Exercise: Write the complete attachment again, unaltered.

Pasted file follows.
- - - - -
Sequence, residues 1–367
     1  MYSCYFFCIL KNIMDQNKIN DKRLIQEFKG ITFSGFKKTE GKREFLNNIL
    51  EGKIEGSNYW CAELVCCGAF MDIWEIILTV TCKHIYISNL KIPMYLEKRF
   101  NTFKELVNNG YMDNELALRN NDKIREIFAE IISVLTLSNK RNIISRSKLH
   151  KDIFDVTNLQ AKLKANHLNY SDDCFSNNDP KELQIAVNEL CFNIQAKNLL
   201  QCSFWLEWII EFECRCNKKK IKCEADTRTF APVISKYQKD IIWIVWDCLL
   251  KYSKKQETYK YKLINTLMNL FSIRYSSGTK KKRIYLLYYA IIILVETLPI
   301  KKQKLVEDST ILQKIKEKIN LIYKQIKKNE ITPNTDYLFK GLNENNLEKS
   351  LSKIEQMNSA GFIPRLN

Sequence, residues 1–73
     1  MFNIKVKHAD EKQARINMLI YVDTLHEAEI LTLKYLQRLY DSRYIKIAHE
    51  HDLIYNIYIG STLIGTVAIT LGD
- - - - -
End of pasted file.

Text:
Sequence, residues 1–367
     1  MYSCYFFCIL KNIMDQNKIN DKRLIQEFKG ITFSGFKKTE GKREFLNNIL
    51  EGKIEGSNYW CAELVCCGAF MDIWEIILTV TCKHIYISNL KIPMYLEKRF
   101  NTFKELVNNG YMDNELALRN NDKIREIFAE IISVLTLSNK RNIISRSKLH
   151  KDIFDVTNLQ AKLKANHLNY SDDCFSNNDP KELQIAVNEL CFNIQAKNLL
   201  QCSFWLEWII EFECRCNKKK IKCEADTRTF APVISKYQKD IIWIVWDCLL
   251  KYSKKQETYK YKLINTLMNL FSIRYSSGTK KKRIYLLYYA IIILVETLPI
   301  KKQKLVEDST ILQKIKEKIN LIYKQIKKNE ITPNTDYLFK GLNENNLEKS
   351  LSKIEQMNSA GFIPRLN

Sequence, residues 1–73
     1  MFNIKVKHAD EKQARINMLI YVDTLHEAEI LTLKYLQRLY DSRYIKIAHE
    51  HDLIYNIYIG STLIGTVAIT LGD